As I bent down to get a better look at the FT-1’s rear three-quarter, I could see the Scion display in the background, far away and slightly out of focus-an ironic metaphor for a brand that had nothing new on display at the show. Their product line, aside from the FR-S, was aging and seemed to lack any of the real quirkiness the brand had when it was launched.
This got me thinking – what exactly was the point of Scion today? (Read More…)
You’ve always suspected that BMWs don’t respect pedestrian safety. Now there’s a survey that confirms what you already believed, making you feel very warm and fuzzy inside.
The Chevrolet Volt may be the most maligned and least understood car on the market. After a week of strange questions and bipolar reactions to GM’s plug-in hybrid, I came to a conclusion. GM’s marketing of the Volt stinks. By calling the Volt an “Electric Vehicle (EV) with a range extender,” a huge segment of the population can’t get past “Electric” and immediately cross the Volt off their list. There is also [strangely] a segment of the population that says, “that’s great but I want a hybrid.” Guess what? The Volt is a hybrid.
Talk about timing: On the day Toyota announced that cumulative sales of the Prius passed the 3 million mark, Reuters says Toyota may fall short of its goal to sell 250,000 of the Prius in the U.S. this year. (Read More…)
We are bombarded with messages about the dangers of drunk driving, of the hazard of talking and texting on cell phones while driving, and the need to give a wide berth to folks driving Zipcars. We think there are many other varieties of unsafe motorists that get no attention from the media. As a public service, let’s take a look five subtle, but equally scary, drivers that make the highways a real challenge. (Read More…)
In 2005, ABC News Polls claimed the average daily commute in America was 16 miles, a number borne out in our own Facebook poll. If you have a commute like that and want an EV for commuting and a hybrid for road tripping, you’re the target demographic for a plug-in hybrid. Since I’m not a trust fund baby, and neither are most of TTAC’s readers, I’m going to forget about the Karma while we dive deep into Ford’s first (and interestingly spelled) Energi.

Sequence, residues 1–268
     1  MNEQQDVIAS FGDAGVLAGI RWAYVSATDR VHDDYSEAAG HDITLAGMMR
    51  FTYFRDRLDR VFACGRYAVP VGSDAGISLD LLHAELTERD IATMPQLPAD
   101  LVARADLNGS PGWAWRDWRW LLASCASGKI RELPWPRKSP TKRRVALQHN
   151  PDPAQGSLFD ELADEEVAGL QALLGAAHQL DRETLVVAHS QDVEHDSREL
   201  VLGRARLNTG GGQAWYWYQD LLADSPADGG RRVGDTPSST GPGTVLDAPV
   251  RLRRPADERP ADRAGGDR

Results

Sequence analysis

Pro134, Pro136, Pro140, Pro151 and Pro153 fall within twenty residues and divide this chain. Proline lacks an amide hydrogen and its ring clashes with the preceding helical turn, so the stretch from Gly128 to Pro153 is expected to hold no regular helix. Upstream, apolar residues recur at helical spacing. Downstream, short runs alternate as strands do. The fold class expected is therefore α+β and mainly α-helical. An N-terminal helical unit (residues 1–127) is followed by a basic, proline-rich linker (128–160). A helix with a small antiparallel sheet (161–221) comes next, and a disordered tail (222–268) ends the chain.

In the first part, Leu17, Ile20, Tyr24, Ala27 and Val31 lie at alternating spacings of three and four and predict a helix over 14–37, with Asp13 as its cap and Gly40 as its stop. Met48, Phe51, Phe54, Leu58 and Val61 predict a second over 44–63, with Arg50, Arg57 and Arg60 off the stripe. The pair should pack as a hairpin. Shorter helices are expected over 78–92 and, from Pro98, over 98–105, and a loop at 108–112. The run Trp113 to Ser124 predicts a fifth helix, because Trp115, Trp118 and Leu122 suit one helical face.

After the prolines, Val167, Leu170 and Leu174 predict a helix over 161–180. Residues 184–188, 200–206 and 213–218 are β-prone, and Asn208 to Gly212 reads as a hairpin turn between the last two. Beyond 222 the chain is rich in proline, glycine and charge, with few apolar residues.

Toyota sold 236,659 Prii (all kinds) in the U.S. alone in 2012, all of them imported from high-yen Japan. This is a major drag on the car’s profitability. Long import routes are a hindrance, offshore production also tends to impact the granularity of options and trims. U.S. production of the Prius was expected for last year, it did not happen. Yesterday, Shigeki Terashi, head of Toyota Motor North America Inc. came as close to announcing as possible that Toyota plans to produce the Prius in North America. He didn’t really say it, and you needed to be Japanese to hear it. (Read More…)
Up till now there hasn’t been a “real” Prius alternative on the market. Sure Honda has the Civic and Insight, but their real-world MPGs can’t hold a candle to the green-car poster child and Honda’s IMA hybrid system is far from smooth and refined. The Volt is more of a novelty with its lofty price tag and the last time we tested one we revealed a lowly 32MPG average when running gasoline only. This brings us to the blue oval. Despite Ford using essentially the same technology as Toyota for their hybrid systems, Ford resisted creating a dedicated hybrid model. Until now. Meet the 47MPG 2013 Ford C-MAX Hybrid. Of course we’ve all heard the news that the C-MAX doesn’t hit 47MPG, so click-through the jump to find out what we averaged and whether or not that should matter to you.
I enjoy your columns for their history and technology surprises of what might be wrong. Two history questions: (Read More…)
Public beta tests are common in the computer world where a group of fanatics pound your beta to death and help you find the problems. In the automotive world this activity is not only rare, it runs contrary to the cash spent on dressing future cars in swirly vinyl. The Prius plug-in is different. Toyota built 600 demonstrators and sent them to large corporations, Zipcar fleets and, of course the press. Even TTAC was allowed to drive one for a week. What does that have to do with the final product? And how does it stack up against the Volt, Plug-in Fusion and the 2013 Accord Plug-in? Let’s find out.